Iraqi Units May Have Orders to Use Chem/Bio Weapons
By Jim Garamone
American Forces Press Service
WASHINGTON, March 28, 2003 Coalition forces have seen indications that Iraqi units have been given the freedom to use chemical weapons, Army Brig. Gen. Vincent Brooks said today.
Brooks, deputy director of operations at CENTCOM's deployed headquarters in Qatar, told a press conference that intelligence sources indicate that once coalition troops reach a certain point Iraqi forces may use these weapons of mass destruction.
"Orders have been given that at a certain point, chemical weapons might be used," Brooks said. "We've seen chemical protective equipment in a number of areas south of where we thought that red line might be."
Coalition forces found 3,000 chemical- and biological-agent protective suits in Nasiriyah, and there have been similar discoveries further south. "As we put just those two pieces together, we certainly have indications," he said.
But officials don't believe there is a definitive order to begin using the weapons. "I have not seen anything that says an order has been given to fire," Brooks said. "We know that the capability does indeed exist. We know that the will exists. And we take it very, very seriously at this point, and we'll prepare ourselves accordingly."
Brooks said coalition land forces "consolidated territory gained over the last couple of days and conducted active security operations to eliminate identified terrorist death squads." The death squads, irregular forces devoted to Saddam Hussein, have been attacking coalition forces.
The 1st Marine Expeditionary Force is beyond the city of Qalat Sikar, Brooks said. The Army's V Corps defeated paramilitary attacks north of Najaf. Reports said the attackers were the regime death squads strengthened by Special Republican Guard members. Both the Army and Marine units continue to reposition in anticipation of further attacks.
In the south, British forces prevented any Iraqi reinforcements from reaching Basra, the general said. Also, the first relief ship, the logistics ship HMS Sir Galahad, arrived at the port of Umm Qasr filled with humanitarian supplies.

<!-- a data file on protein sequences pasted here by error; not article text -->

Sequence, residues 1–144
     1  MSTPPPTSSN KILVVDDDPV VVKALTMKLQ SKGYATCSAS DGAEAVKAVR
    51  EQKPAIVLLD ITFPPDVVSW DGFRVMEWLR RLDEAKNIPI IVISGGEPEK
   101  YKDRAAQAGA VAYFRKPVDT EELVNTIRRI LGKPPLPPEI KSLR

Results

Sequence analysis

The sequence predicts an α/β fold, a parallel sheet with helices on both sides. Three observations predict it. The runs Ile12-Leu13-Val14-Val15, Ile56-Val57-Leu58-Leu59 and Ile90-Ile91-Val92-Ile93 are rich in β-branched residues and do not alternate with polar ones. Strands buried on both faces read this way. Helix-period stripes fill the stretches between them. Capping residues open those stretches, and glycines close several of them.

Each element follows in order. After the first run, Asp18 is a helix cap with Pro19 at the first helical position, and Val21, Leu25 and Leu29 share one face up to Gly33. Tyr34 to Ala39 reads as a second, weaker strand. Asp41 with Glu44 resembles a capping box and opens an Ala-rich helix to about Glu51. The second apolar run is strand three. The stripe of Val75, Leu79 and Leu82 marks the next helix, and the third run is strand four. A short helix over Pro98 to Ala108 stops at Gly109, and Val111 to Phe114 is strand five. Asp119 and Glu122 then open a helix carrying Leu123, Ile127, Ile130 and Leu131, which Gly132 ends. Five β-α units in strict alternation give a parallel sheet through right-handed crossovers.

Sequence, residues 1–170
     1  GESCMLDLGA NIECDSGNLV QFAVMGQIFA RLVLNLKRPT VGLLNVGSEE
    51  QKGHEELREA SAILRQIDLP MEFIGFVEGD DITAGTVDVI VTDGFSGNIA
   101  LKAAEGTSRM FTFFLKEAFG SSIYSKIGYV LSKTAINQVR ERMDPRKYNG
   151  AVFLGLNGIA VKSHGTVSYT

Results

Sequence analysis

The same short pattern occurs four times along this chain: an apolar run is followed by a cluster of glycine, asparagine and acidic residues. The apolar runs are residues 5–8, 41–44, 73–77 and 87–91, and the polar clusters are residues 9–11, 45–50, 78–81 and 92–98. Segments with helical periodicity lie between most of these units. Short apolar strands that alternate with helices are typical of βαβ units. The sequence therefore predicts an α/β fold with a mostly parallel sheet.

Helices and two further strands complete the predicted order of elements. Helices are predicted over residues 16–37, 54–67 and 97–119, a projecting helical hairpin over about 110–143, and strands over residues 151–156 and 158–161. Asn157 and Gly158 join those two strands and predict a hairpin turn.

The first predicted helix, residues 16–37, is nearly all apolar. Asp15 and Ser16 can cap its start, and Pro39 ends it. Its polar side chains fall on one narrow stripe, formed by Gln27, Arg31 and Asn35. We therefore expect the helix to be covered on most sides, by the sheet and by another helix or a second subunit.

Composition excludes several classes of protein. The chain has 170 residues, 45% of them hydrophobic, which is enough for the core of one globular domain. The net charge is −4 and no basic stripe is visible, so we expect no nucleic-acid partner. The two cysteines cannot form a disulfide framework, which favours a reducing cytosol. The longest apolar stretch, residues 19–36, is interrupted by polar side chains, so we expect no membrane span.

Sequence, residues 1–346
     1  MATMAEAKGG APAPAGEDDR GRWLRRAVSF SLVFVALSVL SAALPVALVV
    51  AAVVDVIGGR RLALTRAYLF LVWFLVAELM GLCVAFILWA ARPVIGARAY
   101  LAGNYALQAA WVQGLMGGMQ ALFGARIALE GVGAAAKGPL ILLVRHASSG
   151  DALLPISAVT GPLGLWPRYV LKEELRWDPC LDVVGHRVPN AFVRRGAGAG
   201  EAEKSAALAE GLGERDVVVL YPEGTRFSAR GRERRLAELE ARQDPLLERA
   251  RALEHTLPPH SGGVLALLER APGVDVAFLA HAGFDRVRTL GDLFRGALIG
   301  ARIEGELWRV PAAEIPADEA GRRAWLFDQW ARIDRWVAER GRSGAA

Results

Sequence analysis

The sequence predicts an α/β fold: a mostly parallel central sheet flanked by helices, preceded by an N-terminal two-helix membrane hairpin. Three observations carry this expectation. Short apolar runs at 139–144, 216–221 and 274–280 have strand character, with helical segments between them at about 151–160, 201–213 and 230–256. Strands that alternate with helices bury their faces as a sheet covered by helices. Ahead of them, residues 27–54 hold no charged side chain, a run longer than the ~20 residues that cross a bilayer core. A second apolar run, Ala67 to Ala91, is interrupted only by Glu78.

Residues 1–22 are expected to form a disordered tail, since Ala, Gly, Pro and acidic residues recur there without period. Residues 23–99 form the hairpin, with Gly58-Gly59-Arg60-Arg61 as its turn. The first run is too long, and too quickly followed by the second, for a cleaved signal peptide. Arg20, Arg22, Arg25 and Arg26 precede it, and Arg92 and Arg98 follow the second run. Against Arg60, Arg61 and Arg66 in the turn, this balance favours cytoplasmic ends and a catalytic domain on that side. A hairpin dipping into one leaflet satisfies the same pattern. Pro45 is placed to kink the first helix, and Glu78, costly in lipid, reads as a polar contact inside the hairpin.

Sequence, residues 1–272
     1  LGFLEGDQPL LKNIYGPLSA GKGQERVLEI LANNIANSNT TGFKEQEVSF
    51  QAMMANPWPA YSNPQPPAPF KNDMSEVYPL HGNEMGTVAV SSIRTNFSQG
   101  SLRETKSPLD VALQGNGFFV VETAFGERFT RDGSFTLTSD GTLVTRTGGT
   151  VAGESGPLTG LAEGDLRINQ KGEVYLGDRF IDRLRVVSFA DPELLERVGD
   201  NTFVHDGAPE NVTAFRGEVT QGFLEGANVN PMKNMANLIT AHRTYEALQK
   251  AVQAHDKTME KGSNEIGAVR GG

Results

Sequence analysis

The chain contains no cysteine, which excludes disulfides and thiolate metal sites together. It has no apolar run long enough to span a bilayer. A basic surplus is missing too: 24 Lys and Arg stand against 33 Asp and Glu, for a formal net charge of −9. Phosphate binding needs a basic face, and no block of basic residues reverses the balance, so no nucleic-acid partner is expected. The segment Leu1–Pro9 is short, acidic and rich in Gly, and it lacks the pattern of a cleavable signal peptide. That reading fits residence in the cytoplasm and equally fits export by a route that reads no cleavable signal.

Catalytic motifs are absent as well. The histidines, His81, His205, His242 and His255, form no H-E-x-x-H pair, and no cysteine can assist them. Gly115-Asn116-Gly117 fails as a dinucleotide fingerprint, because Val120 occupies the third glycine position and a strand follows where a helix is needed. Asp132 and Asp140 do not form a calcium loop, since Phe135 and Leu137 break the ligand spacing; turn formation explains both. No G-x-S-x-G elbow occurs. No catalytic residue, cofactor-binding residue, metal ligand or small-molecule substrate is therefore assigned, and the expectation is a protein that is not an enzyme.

In the north, he said, "coalition forces maintained pressure on regime forces while maintaining stability" in the region.
Brooks said Republican Guard units are repositioning in order to avoid attack. He does not think that any movements the units make are aimed at improving their defensive positions. He said the Guard units have been under attack for several days and will remain under attack.
Defense officials said many of the 500 strike sorties coalition aircraft flew March 27 were aimed at the Medina and Hammurabi Republican Guard divisions. The Medina Division is dug in south of Baghdad, while the Hammurabi unit is covering the northern approaches.
Coalition aircraft flew around 1,500 sorties in total March 27. Clearing weather conditions helped the air effort.
"It's helping us fly and coordinate with land forces both north and south," an official said. "(The clearing weather) is really letting us push the hunt for weapons of mass destruction sites and theater ballistic missile sites in the west."
Brooks said the Iraqis have fired a total of 12 missiles at Kuwait. "All of the threatening launches (were) intercepted by Patriot missiles," he said. "In addition, we have established combat air patrols near the areas where most of the launches have been occurring."
He said coalition forces are proceeding well and are setting the conditions for future operations in Iraq. "We remain focused on the key objectives of removing the regime and disarming Iraq," he said.